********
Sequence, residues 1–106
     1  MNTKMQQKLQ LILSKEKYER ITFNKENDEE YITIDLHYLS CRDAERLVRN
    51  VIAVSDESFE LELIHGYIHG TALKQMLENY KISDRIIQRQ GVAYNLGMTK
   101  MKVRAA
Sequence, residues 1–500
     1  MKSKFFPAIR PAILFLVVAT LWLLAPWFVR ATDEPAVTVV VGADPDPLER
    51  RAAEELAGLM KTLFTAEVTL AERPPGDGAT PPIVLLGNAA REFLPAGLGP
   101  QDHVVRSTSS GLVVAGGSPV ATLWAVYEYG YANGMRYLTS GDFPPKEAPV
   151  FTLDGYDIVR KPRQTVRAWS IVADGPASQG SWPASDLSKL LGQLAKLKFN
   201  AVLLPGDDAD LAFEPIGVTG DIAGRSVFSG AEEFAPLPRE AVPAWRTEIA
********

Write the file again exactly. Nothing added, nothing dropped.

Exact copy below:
Sequence, residues 1–106
     1  MNTKMQQKLQ LILSKEKYER ITFNKENDEE YITIDLHYLS CRDAERLVRN
    51  VIAVSDESFE LELIHGYIHG TALKQMLENY KISDRIIQRQ GVAYNLGMTK
   101  MKVRAA
Sequence, residues 1–500
     1  MKSKFFPAIR PAILFLVVAT LWLLAPWFVR ATDEPAVTVV VGADPDPLER
    51  RAAEELAGLM KTLFTAEVTL AERPPGDGAT PPIVLLGNAA REFLPAGLGP
   101  QDHVVRSTSS GLVVAGGSPV ATLWAVYEYG YANGMRYLTS GDFPPKEAPV
   151  FTLDGYDIVR KPRQTVRAWS IVADGPASQG SWPASDLSKL LGQLAKLKFN
   201  AVLLPGDDAD LAFEPIGVTG DIAGRSVFSG AEEFAPLPRE AVPAWRTEIA